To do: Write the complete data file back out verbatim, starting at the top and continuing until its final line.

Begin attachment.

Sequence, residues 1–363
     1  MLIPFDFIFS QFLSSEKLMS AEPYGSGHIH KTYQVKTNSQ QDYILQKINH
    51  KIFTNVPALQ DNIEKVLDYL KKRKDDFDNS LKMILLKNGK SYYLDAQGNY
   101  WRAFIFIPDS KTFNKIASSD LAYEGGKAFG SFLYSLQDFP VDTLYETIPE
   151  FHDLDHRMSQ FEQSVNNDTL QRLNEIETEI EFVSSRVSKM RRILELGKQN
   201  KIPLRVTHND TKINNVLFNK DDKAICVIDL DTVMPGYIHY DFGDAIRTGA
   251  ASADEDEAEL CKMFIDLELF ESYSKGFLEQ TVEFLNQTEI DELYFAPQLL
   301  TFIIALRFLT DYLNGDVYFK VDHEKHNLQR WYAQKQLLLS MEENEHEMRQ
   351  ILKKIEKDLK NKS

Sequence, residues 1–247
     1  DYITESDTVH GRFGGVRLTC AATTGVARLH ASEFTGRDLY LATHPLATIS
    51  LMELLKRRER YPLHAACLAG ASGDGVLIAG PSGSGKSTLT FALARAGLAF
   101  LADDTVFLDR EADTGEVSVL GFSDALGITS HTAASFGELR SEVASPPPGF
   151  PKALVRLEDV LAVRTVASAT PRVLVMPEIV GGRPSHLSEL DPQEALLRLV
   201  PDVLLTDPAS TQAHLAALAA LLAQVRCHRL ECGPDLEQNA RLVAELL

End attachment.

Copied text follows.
Sequence, residues 1–363
     1  MLIPFDFIFS QFLSSEKLMS AEPYGSGHIH KTYQVKTNSQ QDYILQKINH
    51  KIFTNVPALQ DNIEKVLDYL KKRKDDFDNS LKMILLKNGK SYYLDAQGNY
   101  WRAFIFIPDS KTFNKIASSD LAYEGGKAFG SFLYSLQDFP VDTLYETIPE
   151  FHDLDHRMSQ FEQSVNNDTL QRLNEIETEI EFVSSRVSKM RRILELGKQN
   201  KIPLRVTHND TKINNVLFNK DDKAICVIDL DTVMPGYIHY DFGDAIRTGA
   251  ASADEDEAEL CKMFIDLELF ESYSKGFLEQ TVEFLNQTEI DELYFAPQLL
   301  TFIIALRFLT DYLNGDVYFK VDHEKHNLQR WYAQKQLLLS MEENEHEMRQ
   351  ILKKIEKDLK NKS

Sequence, residues 1–247
     1  DYITESDTVH GRFGGVRLTC AATTGVARLH ASEFTGRDLY LATHPLATIS
    51  LMELLKRRER YPLHAACLAG ASGDGVLIAG PSGSGKSTLT FALARAGLAF
   101  LADDTVFLDR EADTGEVSVL GFSDALGITS HTAASFGELR SEVASPPPGF
   151  PKALVRLEDV LAVRTVASAT PRVLVMPEIV GGRPSHLSEL DPQEALLRLV
   201  PDVLLTDPAS TQAHLAALAA LLAQVRCHRL ECGPDLEQNA RLVAELL